See Micah Nelson Particle Kid in Toledo tonight


Micah Nelson, son of Willie Nelson, plays tonight

www.Toledoblade.com
by:  Geoff Burns

An overcast afternoon in the Glass City finds musician Micah Nelson arriving to Toledo after driving more than three hours from Cincinnati.

“We just basically drove across Ohio today,” he said Thursday afternoon. “I’ve never played in Toledo before, at least not solo or with any of my projects. I might have played with my dad sometime down the road, but this is my first actual show here.”

Micah, son of iconic American superstar Willie Nelson, brings his experimental folk pop rock solo project Particle Kid Thursday night at the Ottawa Tavern, 1817 Adams St. in Toledo.

The 27-year-old musician found himself interested in film making and wanting to be a director at a young age, until he started experimenting with synthesizers and guitars.

“Anything that was around I wanted to explore and experiment with it,” he said. “I’ve always been curious about everything.”

Eventually he decided to pursue music.

Growing up in a family of musicians, it wasn’t until Micah was introduced to Beck and The Flaming Lips that his interest in writing and performing it himself was piqued. That inspiration continued into film soundtracks such as those composed by Danny Elfman and James Newton Howard, as well as punk rock bands like The Stooges and Weezer. The list goes on.

“All different influences over time helped push me in the direction of feeling like I could write my own songs,” he said. “I think every genre of music has something in it that is authentic and has resonated with me enough to bring something of that into what I’m doing.”

When he’s not spending his time on other projects, like his experimental band Insects Vs. Robots, or playing next to his brother, Lukas, in the band Promise of the Real, Micah focuses on his solo performances as the Particle Kid.

Originally created on an acoustic guitar, Nelson released a self-titled album in April, which blends folk, rock, pop, punk and jazz. He plans to perform a stripped-down solo acoustic set of the album Thursday in Toledo.

Constant lyrical references to dreaming and the ocean permeate the album.

“I realized there was this underlying theme of I was singing to something or someone,” he said. “It’s hard to say if it’s a romantic person, a girl or something, or if it’s the universe, the cosmos’ existence itself. A lot of those themes involve natural elements. There wasn’t any sort of deliberate conscious effort to have an interconnected theme with anything. Most of these songs are coming from a pretty subconscious place where there’s little rationality involved until it’s pieced together into an arrangement.”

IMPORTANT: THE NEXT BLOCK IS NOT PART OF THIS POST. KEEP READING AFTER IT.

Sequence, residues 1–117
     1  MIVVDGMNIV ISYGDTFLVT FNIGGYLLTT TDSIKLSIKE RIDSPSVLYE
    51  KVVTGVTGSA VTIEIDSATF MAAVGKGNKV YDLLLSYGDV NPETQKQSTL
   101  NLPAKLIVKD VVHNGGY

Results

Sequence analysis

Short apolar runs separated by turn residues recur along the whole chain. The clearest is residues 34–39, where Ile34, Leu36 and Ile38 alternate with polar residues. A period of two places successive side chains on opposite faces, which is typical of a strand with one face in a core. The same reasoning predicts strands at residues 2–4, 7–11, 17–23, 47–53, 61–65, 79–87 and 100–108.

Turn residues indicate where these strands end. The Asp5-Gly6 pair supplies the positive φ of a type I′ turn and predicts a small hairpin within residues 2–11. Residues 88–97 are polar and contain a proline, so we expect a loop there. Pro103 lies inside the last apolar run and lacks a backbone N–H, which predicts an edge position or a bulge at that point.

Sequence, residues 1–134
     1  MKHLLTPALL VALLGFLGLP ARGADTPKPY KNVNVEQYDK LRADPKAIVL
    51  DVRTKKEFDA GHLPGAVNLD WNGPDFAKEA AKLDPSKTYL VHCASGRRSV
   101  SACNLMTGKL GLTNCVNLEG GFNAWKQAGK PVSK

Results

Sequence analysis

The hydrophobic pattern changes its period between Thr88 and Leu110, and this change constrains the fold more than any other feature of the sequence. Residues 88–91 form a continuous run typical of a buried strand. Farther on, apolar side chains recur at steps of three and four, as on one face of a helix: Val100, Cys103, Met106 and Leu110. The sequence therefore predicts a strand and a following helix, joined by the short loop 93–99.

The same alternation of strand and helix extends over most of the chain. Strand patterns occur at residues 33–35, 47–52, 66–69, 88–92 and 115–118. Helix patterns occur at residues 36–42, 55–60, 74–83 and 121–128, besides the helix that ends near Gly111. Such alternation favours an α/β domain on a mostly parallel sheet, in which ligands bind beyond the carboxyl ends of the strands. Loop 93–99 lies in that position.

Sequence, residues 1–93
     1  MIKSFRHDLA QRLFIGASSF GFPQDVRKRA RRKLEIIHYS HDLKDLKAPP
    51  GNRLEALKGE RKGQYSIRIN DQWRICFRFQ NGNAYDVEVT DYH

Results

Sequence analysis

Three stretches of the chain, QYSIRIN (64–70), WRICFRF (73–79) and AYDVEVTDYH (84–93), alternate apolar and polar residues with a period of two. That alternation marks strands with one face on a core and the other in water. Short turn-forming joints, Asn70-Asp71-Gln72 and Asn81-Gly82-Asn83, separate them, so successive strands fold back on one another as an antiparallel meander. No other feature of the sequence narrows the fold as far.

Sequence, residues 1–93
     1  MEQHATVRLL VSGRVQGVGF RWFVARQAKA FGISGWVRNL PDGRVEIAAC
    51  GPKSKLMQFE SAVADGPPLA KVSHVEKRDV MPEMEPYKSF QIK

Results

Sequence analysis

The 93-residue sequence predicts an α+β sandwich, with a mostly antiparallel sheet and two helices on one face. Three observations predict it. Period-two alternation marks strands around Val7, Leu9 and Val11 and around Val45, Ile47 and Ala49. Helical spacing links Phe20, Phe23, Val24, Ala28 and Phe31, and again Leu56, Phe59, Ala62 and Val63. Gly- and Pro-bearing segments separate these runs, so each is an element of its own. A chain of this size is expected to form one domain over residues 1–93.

Nelson said he’s drawn inspiration from various musicians throughout his life, speaking highly of Neil Young several times during the 35-minute phone call.

“My family is musicians, and experiencing all different kinds of music and the essence of what that music is has given me these different musical personas that I try to channel these different things into Particle Kid,” he told The Blade. “Because I’ve been able to experience these different music cultures and see how they’re interconnected has allowed me to have this pallet to draw from with whatever project I’m involved in.”

Then there’s his dad’s influence.

He said his father has always been encouraging and supportive of his work.

“I think he’s proud of me for doing it my way because he always did it his way,” he said.

In fact, it was his father who came up with the name, “Particle Kid,” when Micah was 15 years old after he returned home from a trip.

He laughs as he remembers the story.

“I was playing Mario Kart 64 and he comes in [from his room] and I could smell him when he walked in,” he said. “He was so stoned and reeked so much and I turned around and he had this big grin on his face and his eyes were all red and squinty. He was all like, ‘Welcome home, Particle Kid,’ and just walked out. I thought it was the funniest thing ever, I had no idea what he was talking about.

“Years later I asked him [about it] and he said he remembers he wanted to say, ‘Welcome home, Prodigal Son,’ but he was so stoned that it came out as Particle Kid. It just sort of stuck.”

Ultimately, the younger Nelson said, he inherited his passion for music from his father.

“Just being a fearless artist and expressing yourself and doing it in a way that connects with people and makes people feel something is an achievement,” he said. “It’s something [my father] really mastered. We’ve really gotten closer because of it and I’m happy for that.”

Tickets cost $10 at the door. Special guests include Ben Stalets, Jake Pavlica, and A.S. Coomer. Doors open at 8 p.m.

Contact Geoff Burns at gburns@theblade.com or 419-724-6054.

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